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Posts tagged “ascomycetes

Green Stain Fungus Fruiting

10-15-15 blue green cup fungus 038Sac fungi, or ascomycetes, are a division of fungi, most of which possess sacs, or asci, in which spores are produced. The relatively common blue-green cup fungi, Chlorociboria aeruginascens and its close relative, Chlorociboria aeruginosa, are in this group and are referred to as Green Stain Fungi. (They differ microscopically by the size of their spores.) Most of the time you do not see the actual fruiting bodies of these fungi (see photo). More often you come across the brilliantly blue-green stained wood (these fungi grow on the rotting logs or barkless wood of poplar, aspen, ash and especially oak) for which these fungi are responsible. Woodworkers call this wood “green rot” or “green stain.” 14th and 15th century Italian Renaissance woodworkers used Chlorociboria-infected wood to provide the green colors in their intricate wood inlays. The blue-green discoloration is caused by the production of the pigment xylindein, which can inhibit plant germination and has been tested as an algaecide. Xylindein may make wood less appealing to termites, and has been studied for its cancer-fighting properties.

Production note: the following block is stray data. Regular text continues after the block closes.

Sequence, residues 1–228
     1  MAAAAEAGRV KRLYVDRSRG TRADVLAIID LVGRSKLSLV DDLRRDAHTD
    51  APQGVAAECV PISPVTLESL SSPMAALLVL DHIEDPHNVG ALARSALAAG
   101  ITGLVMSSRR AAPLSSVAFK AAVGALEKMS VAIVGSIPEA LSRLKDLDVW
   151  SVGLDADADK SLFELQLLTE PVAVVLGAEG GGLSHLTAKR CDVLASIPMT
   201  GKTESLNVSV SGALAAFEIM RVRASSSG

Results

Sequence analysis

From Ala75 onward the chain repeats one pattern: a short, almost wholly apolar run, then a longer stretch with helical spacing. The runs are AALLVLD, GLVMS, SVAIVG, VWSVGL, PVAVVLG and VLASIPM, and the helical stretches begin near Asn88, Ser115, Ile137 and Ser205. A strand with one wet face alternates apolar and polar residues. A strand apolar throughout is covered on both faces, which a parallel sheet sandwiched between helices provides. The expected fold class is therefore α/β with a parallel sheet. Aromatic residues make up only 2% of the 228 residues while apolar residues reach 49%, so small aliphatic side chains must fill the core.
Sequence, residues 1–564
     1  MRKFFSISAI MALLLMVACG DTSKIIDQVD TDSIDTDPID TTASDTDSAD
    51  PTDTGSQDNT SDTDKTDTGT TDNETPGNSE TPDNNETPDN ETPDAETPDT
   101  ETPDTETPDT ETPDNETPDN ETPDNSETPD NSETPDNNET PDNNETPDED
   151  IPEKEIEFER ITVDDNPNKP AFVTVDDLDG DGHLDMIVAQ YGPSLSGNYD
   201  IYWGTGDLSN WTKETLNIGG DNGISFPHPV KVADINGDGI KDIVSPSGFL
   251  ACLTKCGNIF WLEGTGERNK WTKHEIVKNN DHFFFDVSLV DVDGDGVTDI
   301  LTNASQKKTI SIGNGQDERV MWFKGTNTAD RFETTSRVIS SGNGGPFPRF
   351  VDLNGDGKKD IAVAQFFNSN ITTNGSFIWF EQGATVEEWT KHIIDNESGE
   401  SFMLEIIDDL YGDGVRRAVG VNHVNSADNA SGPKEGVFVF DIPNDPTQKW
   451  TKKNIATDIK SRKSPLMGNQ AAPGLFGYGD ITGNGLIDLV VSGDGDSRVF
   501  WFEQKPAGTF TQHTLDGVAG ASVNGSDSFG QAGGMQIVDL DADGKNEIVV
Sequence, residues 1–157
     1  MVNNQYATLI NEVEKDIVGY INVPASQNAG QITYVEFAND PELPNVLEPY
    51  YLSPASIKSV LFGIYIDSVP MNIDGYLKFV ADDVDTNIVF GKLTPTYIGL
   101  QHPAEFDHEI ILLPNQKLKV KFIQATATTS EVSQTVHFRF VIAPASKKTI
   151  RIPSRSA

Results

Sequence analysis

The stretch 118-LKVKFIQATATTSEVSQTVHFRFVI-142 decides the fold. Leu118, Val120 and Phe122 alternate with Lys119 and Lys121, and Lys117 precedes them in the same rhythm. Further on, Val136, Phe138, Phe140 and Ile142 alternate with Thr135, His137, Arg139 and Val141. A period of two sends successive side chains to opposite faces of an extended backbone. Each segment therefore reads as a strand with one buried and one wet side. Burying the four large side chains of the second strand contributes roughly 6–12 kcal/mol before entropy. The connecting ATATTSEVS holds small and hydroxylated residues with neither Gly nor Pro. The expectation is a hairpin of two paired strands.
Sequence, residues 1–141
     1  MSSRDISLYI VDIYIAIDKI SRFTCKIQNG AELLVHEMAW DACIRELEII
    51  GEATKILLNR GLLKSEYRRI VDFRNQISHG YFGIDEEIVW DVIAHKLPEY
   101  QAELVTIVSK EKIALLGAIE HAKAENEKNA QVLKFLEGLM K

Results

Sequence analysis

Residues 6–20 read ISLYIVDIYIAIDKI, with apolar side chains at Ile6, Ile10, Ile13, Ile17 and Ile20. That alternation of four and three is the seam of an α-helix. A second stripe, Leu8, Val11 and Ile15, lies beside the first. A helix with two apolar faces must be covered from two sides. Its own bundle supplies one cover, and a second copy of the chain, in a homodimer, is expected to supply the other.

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“Elfin Saddle” Fungi Fruiting

smooth-stalked helvellaIMG_1997A group of fungi called the Ascomycetes, or sac fungi, all produce their spores in sac-like structures. This group includes, among others, morels, false morels, cup fungi and saddle fungi. Sac fungi in the genus Helvella are known as “Elfin Saddles” — the caps of their fruiting bodies come in a variety of shapes, including ears and cups as well as saddles. Most are not brightly colored and are usually white, cream, buff, brown, gray or black. Helvella species grow on the ground or, in a few cases, on rotting wood. Species are defined by the shape of their caps and the texture of their outer surface and stem. (Thanks to Susan and Dean Greenberg for photo op.)

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Eyelash Cup Fungus

Fungi can be divided into two groups – basidiomycetes and ascomycetes.  Basidiomycetes (gilled mushrooms, coral fungus, hedgehog  mushrooms, puffballs, bird’s nest fungus) produce spores on the surface of microscopic cells called basidea.  Ascomycetes (morels, cup fungi, stinkhorns) produce their spores within microscopic sacs (asci).  The slug in this photograph is dining on an ascomycete  — eyelash cup fungus (Scutellinia scutellata), the rim of which bears many stiff, eyelash-like hairs.